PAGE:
Going from a single, postgrad guy to a dad is a terrible and mystifying transformation. I’m pretty sure that metamorphosis is what Nietzsche was referring to when he said, “Be careful when you stare into the abyss, for sometimes the abyss stares back.” The abyss is definitely the long future of monogamy and driving kids to soccer practice. It changes you, for better or worse.
Everyone knows about the seven deadly sins, but I want to do my part in raising awareness for another equally important set of sins: the seven dadly sins. “But, Whiskey,” you say, “I’ve never heard of the seven dadly sins, and I’m a guy who may eventually make the choice to become a father and sign away my freedom.” It’s already too late, my friend. The seven dadly sins are a thing you must be aware of in order to escape. They are similar to the seven deadly sins, but they’re entirely related to the struggle of being trapped in that thing some people like to refer to as a committed, legally binding, monogamous relationship.
Pride: It’s A Participation Trophy, Not A Heisman
Pride cometh before the fall, they say. That’s because, traditionally, the fall is when most sports that people care about have youth leagues. At the beginning of the season, dad pride is at an all-time high. Once September rolls around, his hopes that his son will one day be on “SportsCenter” getting a blow job from whatever hot blonde is doing sideline interviews in 2045 start to fade away. The kid can’t even run a slant route without tripping over his feet and smacking himself in the face with a ball. Chances of catching said ball and running for a touchdown? You may as well bet on the Lions having a perfect season this year.
Every year, when your kid receives his trophy at the annual team banquet, you’ll feel a resurgence of pride. Slow your roll, chief–it’s only a participation trophy. Unless you have Alabama scouts hiding outside of your house trying to slip scholarships under the door like those assholes from Publishers Clearing House, it’s probably best to keep expectations grounded. This will lead to less kids’ sporting events where you are ejected from the crowd for getting in a fistfight with the ref, who is also the grandpa of one of those kids.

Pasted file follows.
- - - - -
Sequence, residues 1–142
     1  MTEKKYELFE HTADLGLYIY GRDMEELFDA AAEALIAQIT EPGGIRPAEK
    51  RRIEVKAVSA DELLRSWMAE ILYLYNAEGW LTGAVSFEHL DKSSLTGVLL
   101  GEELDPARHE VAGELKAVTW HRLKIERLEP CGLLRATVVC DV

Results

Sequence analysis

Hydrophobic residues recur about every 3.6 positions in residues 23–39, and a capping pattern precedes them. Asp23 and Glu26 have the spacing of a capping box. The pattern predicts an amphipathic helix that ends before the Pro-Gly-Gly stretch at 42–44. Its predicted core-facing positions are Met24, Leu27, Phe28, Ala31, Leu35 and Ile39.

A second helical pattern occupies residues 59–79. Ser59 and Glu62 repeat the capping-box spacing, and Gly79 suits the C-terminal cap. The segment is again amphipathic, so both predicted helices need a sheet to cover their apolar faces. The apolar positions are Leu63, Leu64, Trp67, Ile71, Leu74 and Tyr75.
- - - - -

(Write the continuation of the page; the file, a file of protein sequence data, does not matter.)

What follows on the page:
Wrath: Becoming The “Bad Cop”
In my house, my dad was always the one doling out sentences for the many crimes against the house we committed. When my sister dropped an Etch A Sketch on my head, inevitably leading to the writing skills I have now? My dad put her in time out. When I got caught with a fake ID my freshman year? My dad took the car for a few weeks. When I, in my infinite wisdom, told my dad to fuck off my junior year when we fought about the amount of partying I did? That was a suspension of all funds coming from my parents’ bank account.
Sure, many of those punishments were 100 percent deserved. My dad, maybe because he is legitimately a cop, is actually pretty good at the bad cop shtick. According to my friends, it’s a pretty common theme, but it’s also a sign to maybe pump the brakes a bit. There’s a difference between a paragon of good behavior and becoming your kids’ personal Judge Dredd. Much like Batman, you have to walk a thin and dangerous line. Unlike Batman, this won’t require martial arts training, a Ferrari, or serious abandonment issues.
Lust: Hitting On The Babysitter
Our popular culture, media, and my dad’s jokes pretty much all say the same thing: when you get married, you may as well chop off your dick, because you’re pretty much out of good reasons to use it. Sex, we’re told, becomes rarer than a virgin in a brothel on half-price Wednesday (don’t go half-price on a hooker–you get what you pay for). Thus, when it comes to lust, a dad may take his chances when he gets them. Out of experience, out of touch, and out of shape, he may make the mistake of hitting on the babysitter. Dads of America, don’t hit on the babysitter.